Sarah Miller: Camp Quest teaches kids secular ideals
In 2018, thanks to the Freedom From Religion Foundation and Nonbelief Relief, 25 campers attended who otherwise wouldn’t have been able to afford this life-changing experience.
By Sarah Miller
Since 1996, Camp Quest has provided a supportive environment for children of nonreligious families. Over the past quarter century, our commitment to inclusion, empathy and respect for difference has made Camp Quest a vibrant and diverse community.
Now, with an expansive network of affiliate camps across the United States, Camp Quest continues to play a crucial role in the development of a new generation of secular youth. In 2018, Camp Quest programs served children from 36 states, and the demand for Camp Quest’s unique take on secular summer adventuring continues to grow.
Camp Quest programs help campers develop critical thinking skills, grow empathy in relationships and communities, and offer one-of-a-kind learning experiences grounded in science, ethics, philosophy and nature. Camps typically operate week-long residential sessions for children aged 8-17. We welcome children and teenagers from all backgrounds and teach them to respect others while taking pride in themselves.
Our society needs Camp Quest at this critical moment. The percentage of nonreligious youths is rising at a rate never seen before. Generation Z, which is comprised of children and teens born since 1999, is the first post-Christian generation. More than 35 percent of youth report that they identify as atheist, agnostic or do not claim a religious identity. A further 7 percent are of non-Christian faiths.
With an unprecedented number of young people rejecting dogma and choosing to think for themselves, it is vital that we provide both a community and a moral framework that can nurture and guide our children as they build their futures and form a bulwark against the regressive tide of religious oppression. Camp Quest provides a nurturing environment for campers that fosters the development of reason, integrity and empathy — skills that are solely needed in today’s confusing and polarized political climate.
Scores of dedicated Camp Quest volunteers nationwide have spent years developing supportive and inclusive programs, firmly grounded in secular humanist values, that provide a safe, ethically-based community for all children. Repeatedly, at camps across the country, parents tell us that their children are transformed after a week at Camp Quest. Campers return home more confident, outgoing and happier than when they arrived.
Camp Quest inspires youths to live life well and fully, guided by empathy, discovery and critical thinking. Our campers carry that inspiration into their adult lives. Many Camp Quest alums return as counselors and apply the skills they learn at camp to new leadership roles. Amanda Werner, a Camp Quest Chesapeake alumna and counselor, shares why camp is meaningful to her:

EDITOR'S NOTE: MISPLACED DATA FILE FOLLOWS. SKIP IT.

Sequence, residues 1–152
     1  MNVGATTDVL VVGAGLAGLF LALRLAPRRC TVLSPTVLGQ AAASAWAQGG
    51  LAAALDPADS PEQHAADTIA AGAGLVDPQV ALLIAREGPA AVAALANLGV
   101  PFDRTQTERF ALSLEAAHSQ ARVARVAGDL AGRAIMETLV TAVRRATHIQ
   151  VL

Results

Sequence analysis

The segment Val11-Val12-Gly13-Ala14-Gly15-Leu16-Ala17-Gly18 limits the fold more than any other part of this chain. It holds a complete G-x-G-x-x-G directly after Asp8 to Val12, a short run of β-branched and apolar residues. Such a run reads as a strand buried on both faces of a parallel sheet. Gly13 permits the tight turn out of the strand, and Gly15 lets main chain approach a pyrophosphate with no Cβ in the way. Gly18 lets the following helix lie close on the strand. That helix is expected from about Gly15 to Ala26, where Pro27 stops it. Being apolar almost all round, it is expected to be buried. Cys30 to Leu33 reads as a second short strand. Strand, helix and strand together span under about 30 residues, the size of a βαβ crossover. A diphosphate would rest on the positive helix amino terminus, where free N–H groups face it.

“The beauty of Camp Quest is that its importance is boundless and immeasurable. It means something different but equally valuable to every single person who is touched by its magic. My life will forever be shaped by my experiences at Camp Quest as a camper, peer leader and counselor. I was thrilled to continue my own journey at Camp Quest as a counselor two years ago, and I keep returning. I return because I know that I play a small part in something much larger than myself. One week of positive influence can forever change the direction of a camper’s life, especially one that feels insecure in their home community. Camp Quest plays a crucial role in the lives of campers and staff as a supportive, safe place for freethinkers and nonbelievers.
“It teaches how to respectfully question beliefs and think critically about the surrounding world. Campers leave with the confidence and tools to have thought-provoking conversations with neighbors, friends and family who view the world differently. Campers and staff develop meaningful relationships that last far into the future. For so many of us, Camp Quest is a family, a home and a community that will always live in our hearts.”
Camp Quest is grateful for the support we receive from members of FFRF and Nonbelief Relief who make this important work possible. Together, we will support secular youth as they take their place in the world.
Ways you can support Camp Quest
• Volunteer as a counselor or camp leader.
• Provide a camp scholarship to a child in need.
• Invite our staff to speak to your organization or group.
• Host or sponsor a Leadership Training Series webinar.
• Support promotion of Camp Quest at national conferences and events.
• Sponsor Leadership Summit and Volunteer Travel Grants.
• Invest in future development of day camps and year-round programs.
Please visit CampQuest.org to register for the 2019 season, help or volunteer.
Sarah Miller is Camp Quest’s development director.